Sourced From

Although the word “holistic” is often used to describe a particular approach to medicine (in which the emphasis is on treatment of the “whole” individual), it is also appropriate to apply it to other disciplines, including Search Engine Marketing (SEM). There are three major components of SEM (and many minor ones, but we won’t touch on them here). These three primary parts are often used individually to great effect- but it is only when they are effectively used in unison that the “whole” can become “greater than the sum of its parts”. These major components are as follows:

Pay-Per-Click (PPC)

Pay-Per-Click (also referred to as Pay for Performance) is very close to a pure form of advertising. Companies bid to have their ad copy show up for specific search terms related to their business. This ad copy usually shows up in a special section of the search engine results page, typically labeled as “Sponsored”. Companies that use PPC are rewarded with targeted visitors to their websites and have to pay the bid amount for each visitor they receive.

Natural Search Engine Optimization (SEO)

Natural search engine results are often considered to be more trustworthy than PPC advertising by searchers who understand the difference. These purportedly non-biased results can be likened to the articles in a trade magazine, while “Sponsored” results can be likened to the advertisements. A company that is mentioned in an article will usually garner a more favorable impression than a company that is simply advertising in the same magazine.

Website Conversion

The most often overlooked of the three components, website conversion is equal in importance to the other two. Conversion is the art and science of determining predominant user behavior on your website and trying to improve it – in other words, attempting to influence visitors to take a specific action on your site that eventually leads to a sale.

How They Work Together

While each of the above components by themselves can return excellent results, the power of each is multiplied when they are used effectively together. The results returned by any combination of the three pieces applied simultaneously will almost always outperform the collective results of the same pieces applied separately.

PPC with SEO

Recent studies have indicated that search engine marketing is an effective brand builder, and this branding effect is amplified through placement in both the natural search results and in the paid results. This makes perfect sense – on most search engines, you have two unique opportunities to present your company and products/services for every search query. By taking advantage of both opportunities, you greatly increase your chances of being first-in-mind from the searcher’s perspective, at the time of the search and beyond.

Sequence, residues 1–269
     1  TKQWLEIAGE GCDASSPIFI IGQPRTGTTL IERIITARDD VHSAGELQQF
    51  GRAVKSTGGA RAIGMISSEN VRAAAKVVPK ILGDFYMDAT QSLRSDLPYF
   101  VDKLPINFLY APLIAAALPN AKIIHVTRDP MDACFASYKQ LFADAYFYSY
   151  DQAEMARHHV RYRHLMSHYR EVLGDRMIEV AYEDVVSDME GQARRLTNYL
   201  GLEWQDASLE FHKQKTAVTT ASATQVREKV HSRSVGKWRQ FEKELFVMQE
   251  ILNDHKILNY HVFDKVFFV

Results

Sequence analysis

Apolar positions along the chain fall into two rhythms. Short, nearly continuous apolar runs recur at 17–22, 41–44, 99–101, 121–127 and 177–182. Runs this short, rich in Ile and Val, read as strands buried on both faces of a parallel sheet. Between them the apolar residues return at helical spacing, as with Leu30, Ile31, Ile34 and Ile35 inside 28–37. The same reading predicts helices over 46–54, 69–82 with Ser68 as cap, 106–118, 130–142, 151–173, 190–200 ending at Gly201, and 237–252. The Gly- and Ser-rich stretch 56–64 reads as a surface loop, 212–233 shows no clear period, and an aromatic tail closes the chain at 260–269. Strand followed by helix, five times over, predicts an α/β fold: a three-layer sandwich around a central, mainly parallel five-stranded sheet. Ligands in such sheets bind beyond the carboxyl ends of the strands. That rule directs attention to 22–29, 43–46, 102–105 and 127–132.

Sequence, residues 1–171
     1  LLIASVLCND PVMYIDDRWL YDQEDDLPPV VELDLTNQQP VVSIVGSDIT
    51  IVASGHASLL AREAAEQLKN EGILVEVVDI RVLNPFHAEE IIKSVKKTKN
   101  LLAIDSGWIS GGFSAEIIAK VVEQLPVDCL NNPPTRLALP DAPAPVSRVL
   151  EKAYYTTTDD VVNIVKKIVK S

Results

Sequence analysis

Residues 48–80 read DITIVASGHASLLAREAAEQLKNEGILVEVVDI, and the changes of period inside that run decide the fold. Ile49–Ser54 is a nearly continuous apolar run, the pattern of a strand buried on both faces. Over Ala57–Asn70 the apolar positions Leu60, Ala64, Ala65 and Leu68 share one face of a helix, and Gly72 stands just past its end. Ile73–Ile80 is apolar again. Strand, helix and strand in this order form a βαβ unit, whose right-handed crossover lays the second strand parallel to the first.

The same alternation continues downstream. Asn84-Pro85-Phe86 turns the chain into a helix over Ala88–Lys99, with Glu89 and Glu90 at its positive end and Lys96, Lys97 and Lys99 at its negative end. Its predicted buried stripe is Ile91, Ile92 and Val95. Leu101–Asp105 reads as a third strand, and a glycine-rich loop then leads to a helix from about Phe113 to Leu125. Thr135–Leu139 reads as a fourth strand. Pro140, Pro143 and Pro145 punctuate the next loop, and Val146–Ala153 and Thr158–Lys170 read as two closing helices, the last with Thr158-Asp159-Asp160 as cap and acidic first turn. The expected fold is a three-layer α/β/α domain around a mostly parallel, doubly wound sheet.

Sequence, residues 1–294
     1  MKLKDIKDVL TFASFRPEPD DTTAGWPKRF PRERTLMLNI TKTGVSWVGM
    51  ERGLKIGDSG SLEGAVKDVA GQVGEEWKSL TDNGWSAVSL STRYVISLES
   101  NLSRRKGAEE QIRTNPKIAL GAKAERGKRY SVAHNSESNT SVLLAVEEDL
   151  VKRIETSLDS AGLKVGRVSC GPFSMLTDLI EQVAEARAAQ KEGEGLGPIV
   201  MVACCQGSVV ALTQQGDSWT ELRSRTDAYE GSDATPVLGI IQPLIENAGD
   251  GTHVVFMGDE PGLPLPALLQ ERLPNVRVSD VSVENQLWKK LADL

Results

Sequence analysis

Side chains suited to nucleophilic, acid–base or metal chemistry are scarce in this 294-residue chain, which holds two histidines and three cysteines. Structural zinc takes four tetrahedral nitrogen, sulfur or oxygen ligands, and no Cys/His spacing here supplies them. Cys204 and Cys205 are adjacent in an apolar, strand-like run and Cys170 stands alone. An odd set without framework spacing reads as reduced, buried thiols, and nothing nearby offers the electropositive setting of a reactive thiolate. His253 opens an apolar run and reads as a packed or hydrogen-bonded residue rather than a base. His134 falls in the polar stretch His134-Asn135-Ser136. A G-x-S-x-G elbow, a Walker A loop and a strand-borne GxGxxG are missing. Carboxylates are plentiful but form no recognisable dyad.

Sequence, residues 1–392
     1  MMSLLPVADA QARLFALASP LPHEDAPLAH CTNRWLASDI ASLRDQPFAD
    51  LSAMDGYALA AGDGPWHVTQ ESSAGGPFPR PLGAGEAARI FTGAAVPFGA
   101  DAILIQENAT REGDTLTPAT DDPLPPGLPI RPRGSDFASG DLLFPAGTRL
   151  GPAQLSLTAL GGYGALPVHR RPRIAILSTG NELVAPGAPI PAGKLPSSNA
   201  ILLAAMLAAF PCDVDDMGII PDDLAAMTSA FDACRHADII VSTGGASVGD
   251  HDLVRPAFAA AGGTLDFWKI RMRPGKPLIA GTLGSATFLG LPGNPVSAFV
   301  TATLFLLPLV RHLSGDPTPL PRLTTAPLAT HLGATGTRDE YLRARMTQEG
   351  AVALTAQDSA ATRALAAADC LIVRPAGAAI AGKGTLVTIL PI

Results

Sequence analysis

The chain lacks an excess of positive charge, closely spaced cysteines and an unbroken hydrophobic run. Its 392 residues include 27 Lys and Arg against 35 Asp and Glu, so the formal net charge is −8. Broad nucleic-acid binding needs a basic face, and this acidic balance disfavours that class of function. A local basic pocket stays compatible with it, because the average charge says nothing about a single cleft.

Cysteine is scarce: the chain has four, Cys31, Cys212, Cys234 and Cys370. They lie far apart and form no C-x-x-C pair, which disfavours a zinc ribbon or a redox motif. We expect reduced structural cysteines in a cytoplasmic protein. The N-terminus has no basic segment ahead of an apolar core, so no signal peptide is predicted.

There is a very popular approach from some search engine marketers to only use PPC for keyphrases where the site does not achieve high natural rankings. While this approach can certainly save money, it runs counter to the branding benefit espoused above (since it ensures that a site listing will either be in the paid results or the natural results, but never both). If your company has a high average dollar sale, and you have a chance to favorably impress a visitor with dual exposure before they visit your site, it usually makes sense to take that opportunity.

SEO and/or PPC with Website Conversion

Often, firms are willing to spend many thousands of dollars to increase traffic to their site, but not a penny on website conversion. In a medium that makes it so easy for a searcher to look elsewhere, conversion is critical – and the net effect of raising your conversion rate from one to two percent is the same as doubling your traffic (and in one sense it is actually better, since it means that far fewer people have left your site unsatisfied). Conversion naturally works independently of any SEM initiative (provided that your website gets any traffic at all). But the combined effect of increasing your conversion rate and your traffic naturally yields more impressive results. Say, for example, that your website currently provides you with only two solid sales leads per week. By doubling your conversion rate, you will get four leads, and doubling your traffic on top of that will yield eight.

However, the above example does not take into account the quality of search engine traffic from targeted keyphrases. It is often the case that current site traffic is not particularly targeted (a look into a site’s web logs will often reveal a large number of search engine-referred visitors that found the site using non-targeted phrases). It is not uncommon to see conversion rates skyrocket as the quality of traffic improves due to targeted keyphrase advertising or organic search engine optimization. With PPC campaigns, you can further boost conversion rates by sending visitors to highly targeted landing pages- another example of how seemingly separate disciplines can complement each other so well.

The Bottom Line

The fact that these components are most effective when used in concert does not mean that each should not be tracked individually- of course they should. But do not be surprised when your returns on two or more of these disciplines used together are greater than the combined returns from the individual components used separately. And this presents a dilemma- a highly successful holistic SEM approach can make extracting exact ROI figures for each individual component difficult, since “the whole” has become “greater than the sum of its parts”. But as many savvy companies are discovering, this is a nice problem to have.